There are leaders across the services who feel synchronization will be even more important as we attempt to “scale synergy” across multiple domains and services. However, the challenge with cross-domain synchronization, especially at lower echelons, is that effectively dealing with rapid presentation of threats and seizing opportunities rewards those who are empowered to independently recognize changing conditions and take appropriate action, rather than delay action to gain positive higher confirmation or pristine refinement of the original mission. A balance of necessary synchronization and freedom of improvisation is required to respond effectively to changes in the operating environment not accounted for in the plan, or when opportunities arise and time for action is fleeting.
According to the 1986 version of Field Manual 100-5: Operations, “Synchronization need not depend on explicit coordination if all forces involved fully understand the intent of the commander, and if they have developed and rehearsed well-conceived standard responses to anticipated contingencies.”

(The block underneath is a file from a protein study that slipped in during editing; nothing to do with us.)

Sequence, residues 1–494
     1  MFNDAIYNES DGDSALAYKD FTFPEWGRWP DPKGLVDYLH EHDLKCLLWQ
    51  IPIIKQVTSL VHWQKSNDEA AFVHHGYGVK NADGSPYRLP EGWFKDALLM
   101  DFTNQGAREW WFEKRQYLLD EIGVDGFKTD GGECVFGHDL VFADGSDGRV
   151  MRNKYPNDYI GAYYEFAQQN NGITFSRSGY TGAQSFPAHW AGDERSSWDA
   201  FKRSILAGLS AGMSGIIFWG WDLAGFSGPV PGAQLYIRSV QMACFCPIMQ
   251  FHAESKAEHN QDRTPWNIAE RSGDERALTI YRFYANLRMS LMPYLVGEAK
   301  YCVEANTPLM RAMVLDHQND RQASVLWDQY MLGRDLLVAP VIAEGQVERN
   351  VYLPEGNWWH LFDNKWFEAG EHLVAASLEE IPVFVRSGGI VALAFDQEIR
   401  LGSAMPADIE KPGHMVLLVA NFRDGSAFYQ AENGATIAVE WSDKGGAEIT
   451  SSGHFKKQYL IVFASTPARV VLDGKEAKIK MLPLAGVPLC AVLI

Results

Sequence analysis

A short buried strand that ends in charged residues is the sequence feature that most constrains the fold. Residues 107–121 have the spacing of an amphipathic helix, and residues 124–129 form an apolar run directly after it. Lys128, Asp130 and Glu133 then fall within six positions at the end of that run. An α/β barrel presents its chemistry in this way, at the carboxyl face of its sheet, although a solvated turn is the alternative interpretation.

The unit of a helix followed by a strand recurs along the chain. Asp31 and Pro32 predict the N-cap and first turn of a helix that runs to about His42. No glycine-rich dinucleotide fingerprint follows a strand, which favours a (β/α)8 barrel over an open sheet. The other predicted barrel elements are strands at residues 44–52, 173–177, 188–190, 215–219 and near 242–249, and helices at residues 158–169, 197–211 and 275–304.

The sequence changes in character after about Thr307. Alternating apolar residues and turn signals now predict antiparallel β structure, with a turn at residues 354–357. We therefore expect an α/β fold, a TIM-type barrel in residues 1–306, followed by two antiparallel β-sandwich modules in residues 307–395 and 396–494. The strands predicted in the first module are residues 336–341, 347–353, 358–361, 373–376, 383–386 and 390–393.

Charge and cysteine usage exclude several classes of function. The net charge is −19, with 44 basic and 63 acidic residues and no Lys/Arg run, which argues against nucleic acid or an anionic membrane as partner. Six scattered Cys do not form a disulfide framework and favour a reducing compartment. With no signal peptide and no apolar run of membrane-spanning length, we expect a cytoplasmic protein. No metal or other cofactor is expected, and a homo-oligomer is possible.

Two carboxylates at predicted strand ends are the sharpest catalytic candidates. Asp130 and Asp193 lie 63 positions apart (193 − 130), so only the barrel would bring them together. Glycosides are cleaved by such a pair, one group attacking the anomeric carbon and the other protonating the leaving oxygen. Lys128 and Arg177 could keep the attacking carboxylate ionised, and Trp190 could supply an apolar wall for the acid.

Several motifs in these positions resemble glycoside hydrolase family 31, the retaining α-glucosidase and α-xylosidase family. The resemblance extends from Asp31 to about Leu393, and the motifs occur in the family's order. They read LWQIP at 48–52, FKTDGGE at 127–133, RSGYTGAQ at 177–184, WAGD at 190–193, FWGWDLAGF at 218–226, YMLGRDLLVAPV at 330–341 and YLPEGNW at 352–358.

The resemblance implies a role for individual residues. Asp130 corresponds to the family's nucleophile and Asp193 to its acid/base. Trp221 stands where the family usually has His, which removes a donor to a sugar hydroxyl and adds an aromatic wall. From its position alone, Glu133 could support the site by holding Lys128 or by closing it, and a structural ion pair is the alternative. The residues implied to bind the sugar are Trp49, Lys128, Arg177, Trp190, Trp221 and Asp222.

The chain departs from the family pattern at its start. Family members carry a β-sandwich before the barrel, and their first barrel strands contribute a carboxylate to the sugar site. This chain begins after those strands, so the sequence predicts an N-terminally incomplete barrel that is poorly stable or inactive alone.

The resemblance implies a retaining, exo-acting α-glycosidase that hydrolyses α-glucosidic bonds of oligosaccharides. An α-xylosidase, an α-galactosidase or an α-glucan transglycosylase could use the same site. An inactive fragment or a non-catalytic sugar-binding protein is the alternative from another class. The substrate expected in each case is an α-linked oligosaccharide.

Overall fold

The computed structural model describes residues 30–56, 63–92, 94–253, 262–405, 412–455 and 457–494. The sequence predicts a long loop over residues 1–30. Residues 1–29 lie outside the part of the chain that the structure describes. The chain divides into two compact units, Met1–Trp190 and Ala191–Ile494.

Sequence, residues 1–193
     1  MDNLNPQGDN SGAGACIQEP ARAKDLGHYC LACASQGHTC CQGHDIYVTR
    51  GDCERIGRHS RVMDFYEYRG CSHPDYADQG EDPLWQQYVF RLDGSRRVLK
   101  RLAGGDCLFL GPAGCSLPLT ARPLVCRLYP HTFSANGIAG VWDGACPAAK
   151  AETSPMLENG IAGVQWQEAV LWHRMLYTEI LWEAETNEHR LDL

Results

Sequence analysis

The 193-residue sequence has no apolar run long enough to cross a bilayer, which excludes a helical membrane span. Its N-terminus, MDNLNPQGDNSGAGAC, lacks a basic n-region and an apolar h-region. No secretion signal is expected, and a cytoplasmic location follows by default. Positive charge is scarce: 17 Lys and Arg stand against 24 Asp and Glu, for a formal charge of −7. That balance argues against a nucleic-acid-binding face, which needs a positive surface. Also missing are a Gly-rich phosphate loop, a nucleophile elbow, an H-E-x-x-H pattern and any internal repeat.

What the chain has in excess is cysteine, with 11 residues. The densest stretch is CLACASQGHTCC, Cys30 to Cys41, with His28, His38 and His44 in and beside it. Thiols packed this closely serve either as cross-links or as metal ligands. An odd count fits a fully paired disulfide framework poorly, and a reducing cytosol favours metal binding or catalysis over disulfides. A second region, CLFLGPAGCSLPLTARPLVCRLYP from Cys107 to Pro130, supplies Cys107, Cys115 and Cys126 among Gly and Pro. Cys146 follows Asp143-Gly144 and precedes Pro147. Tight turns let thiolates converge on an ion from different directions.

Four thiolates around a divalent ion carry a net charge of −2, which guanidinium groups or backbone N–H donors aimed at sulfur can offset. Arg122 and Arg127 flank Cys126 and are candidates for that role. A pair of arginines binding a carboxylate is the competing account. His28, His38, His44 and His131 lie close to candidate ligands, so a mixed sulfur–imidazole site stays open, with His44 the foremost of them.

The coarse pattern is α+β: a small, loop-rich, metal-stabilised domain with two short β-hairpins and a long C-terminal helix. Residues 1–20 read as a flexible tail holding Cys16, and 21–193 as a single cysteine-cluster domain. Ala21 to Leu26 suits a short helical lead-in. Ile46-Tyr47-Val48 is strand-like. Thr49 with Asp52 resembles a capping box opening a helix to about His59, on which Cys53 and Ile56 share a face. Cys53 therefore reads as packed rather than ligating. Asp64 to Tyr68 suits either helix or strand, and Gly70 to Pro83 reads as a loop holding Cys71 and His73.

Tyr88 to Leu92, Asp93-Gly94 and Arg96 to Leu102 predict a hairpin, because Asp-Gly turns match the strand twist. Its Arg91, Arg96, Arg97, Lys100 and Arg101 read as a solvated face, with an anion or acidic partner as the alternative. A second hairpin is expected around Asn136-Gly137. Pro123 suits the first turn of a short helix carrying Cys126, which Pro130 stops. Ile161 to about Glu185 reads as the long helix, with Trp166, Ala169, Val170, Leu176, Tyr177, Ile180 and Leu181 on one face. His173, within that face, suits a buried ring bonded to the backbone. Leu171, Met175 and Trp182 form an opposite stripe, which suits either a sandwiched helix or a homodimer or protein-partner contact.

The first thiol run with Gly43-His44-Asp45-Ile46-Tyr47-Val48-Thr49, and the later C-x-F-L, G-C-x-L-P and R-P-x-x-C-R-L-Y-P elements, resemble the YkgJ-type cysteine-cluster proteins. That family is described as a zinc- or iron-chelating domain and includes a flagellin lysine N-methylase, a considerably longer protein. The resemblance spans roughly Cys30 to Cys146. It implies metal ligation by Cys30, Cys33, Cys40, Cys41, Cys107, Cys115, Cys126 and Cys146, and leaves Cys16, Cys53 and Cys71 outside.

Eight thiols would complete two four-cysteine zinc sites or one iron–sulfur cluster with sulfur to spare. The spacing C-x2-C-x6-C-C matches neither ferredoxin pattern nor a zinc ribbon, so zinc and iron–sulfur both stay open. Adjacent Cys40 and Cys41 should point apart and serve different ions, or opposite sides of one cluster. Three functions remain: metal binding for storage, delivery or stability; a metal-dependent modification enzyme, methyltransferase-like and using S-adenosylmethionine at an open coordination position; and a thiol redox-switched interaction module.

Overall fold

However, the fallacy with this line of thinking is that if a complex operating environment is uncertain, unknowable and constantly changing, then how could any leader or staff possibly “well-conceive” or, for that matter, “anticipate” what may occur, and therefore plan and synchronize an appropriate response prior to executing the plan?
Make no mistake, planning is required as the effort produces a level of appreciation for the operating environment as it exists at a point in time, but as the environment changes, deviations from the original plan may be required to increase the likelihood of success—and those deviations may not be accounted for before executing the plan.
Intent-based synergy aims to achieve the cooperation of two or more organizations, agencies or agents to produce a combined effect greater than the sum of their separate effects, guided by a clearly understood intention that aligns each toward a common objective. Achieving opportunity may be through spontaneous means, local recognition or mutual opportunity identified by more than one element, unit, organization or service. Within the Multi-Domain Operations concept, intent-based synergy is the manner in which commanders allow subordinates to orchestrate convergence of capabilities in time and space and across domains to seize fleeting opportunities or to respond to changes in the operating environment.